SUNRISE, Fla. — Even though Kings goalie Ben Scrivens was surrounded by the media in the hallway after recording a shutout, teammate Willie Mitchell managed to penetrate the scrum with a pertinent observation.
"The Professor," the defenseman said, slyly, adding Scrivens had given a lesson in perfection.
Scrivens has a habit of doing this against Florida. Two of his three shutouts in the NHL have come against the Panthers. On Sunday, he stopped 20 shots in the Kings' 3-0 victory over Florida at BB&T Center in his first start of the season.
That was not the only highlight for the Kings, who have won three straight games. Kings right wing Justin Williams hit an important milestone, securing his 500th point, when he finished a dazzling give-and-go with linemate Anze Kopitar to make it 2-0 at 14:55 in the second period.
Left wing Daniel Carcillo scored the first goal of the game — his first as a King — and later assisted on Jordan Nolan's third-period goal at 12:28.
"I was fortunate not to give up any bad rebounds and the ones I did, the guys were there to clear them away," Scrivens said.
The showing by Scrivens was important on multiple levels. There was some concern about the backup goalie position after the Kings traded the talented Jonathan Bernier to the Toronto Maple Leafs for Scrivens, Matt Frattin and a future draft choice.
On top of that, the Kings brought in Mathieu Garon on a tryout. But Scrivens won the job and Kings Coach Darryl Sutter thought he got better as camp went along. He got in a few minutes of relief of Jonathan Quick in the loss at Winnipeg and looked solid, and Sutter said he would play on this trip, noting his experience against the Eastern teams.
"You never want to take too much credit for anything because then you have to take credit for the bad ones too," Scrivens said. "…Definitely some guys have good feelings about playing in different spots. Again, you can't rely on that.…You can't go, 'Oh, I played really good here last year' and relax a little bit.… I've been fortunate it's worked out here in Florida."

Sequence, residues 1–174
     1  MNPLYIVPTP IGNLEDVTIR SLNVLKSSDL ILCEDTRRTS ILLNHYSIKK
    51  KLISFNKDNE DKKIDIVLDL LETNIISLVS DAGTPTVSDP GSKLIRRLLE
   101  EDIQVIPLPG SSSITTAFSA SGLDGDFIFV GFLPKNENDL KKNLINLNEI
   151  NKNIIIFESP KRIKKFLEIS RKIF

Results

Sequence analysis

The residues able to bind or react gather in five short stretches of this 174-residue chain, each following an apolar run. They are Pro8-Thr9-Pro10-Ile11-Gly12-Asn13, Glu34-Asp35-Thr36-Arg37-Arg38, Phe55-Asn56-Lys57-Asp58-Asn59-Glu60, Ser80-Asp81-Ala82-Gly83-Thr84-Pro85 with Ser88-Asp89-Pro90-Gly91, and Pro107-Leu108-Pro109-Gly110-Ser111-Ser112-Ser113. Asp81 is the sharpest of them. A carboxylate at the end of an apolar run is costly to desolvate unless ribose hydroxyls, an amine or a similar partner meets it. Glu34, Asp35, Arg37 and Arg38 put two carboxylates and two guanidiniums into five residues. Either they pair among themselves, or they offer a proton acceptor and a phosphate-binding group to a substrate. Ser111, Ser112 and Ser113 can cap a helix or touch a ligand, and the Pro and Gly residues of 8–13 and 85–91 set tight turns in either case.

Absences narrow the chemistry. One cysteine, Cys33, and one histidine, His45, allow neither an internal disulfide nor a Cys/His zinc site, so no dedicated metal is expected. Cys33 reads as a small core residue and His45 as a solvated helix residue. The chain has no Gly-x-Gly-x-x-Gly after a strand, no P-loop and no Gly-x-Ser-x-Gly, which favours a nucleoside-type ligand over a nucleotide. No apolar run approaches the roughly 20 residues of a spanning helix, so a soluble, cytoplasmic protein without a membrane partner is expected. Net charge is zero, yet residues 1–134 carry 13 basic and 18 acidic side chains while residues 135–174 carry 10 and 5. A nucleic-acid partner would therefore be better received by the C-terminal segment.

Presumably, the "Professor" nickname comes from his education at Cornell. Plus, there is another hip element: quotes from Shakespeare on his goalie mask.
"You don’t choose your own nickname.… I don't dislike it," said Scrivens, who is the fourth goaltender in Kings history to record a shutout in his first start with the franchise. "It could be much worse than that."
He was doing his fair share of talking during the game, according to Williams.
"He's a motormouth back there, which is nice," Williams said. "He's always saying something. When you're not looking, it's important."
Williams downplayed his milestone. But he started the play and finished it, forcing the turnover by defenseman Brian Campbell.
"I don't think it means anything yet," Williams said. "Maybe when I'm retired and I look back and I say, 'Hey, I've got 500.' I hope to play quite a few more years and get a few more points and add to those totals. We had a lot of pressure offensively and I know we've had trouble scoring five-on-five goals, not just our line but the team."
Carcillo's second-period goal was a byproduct of hard work behind the net and a slick no-look set-up pass from center Mike Richards. Carcillo, who was acquired in the summer from Chicago, had played with Richards in Philadelphia.
Philly West is often a prevailing theme in L.A.
"Regardless of where players play, you'll find character guys," said Williams, another former Flyer. Kings General Manager Dean Lombardi "doesn't bring anyone in that he doesn't feel fits the mold of an L.A. King. If there's 12 ex-Flyers here, or five, who cares? But it's nice to see that connection."
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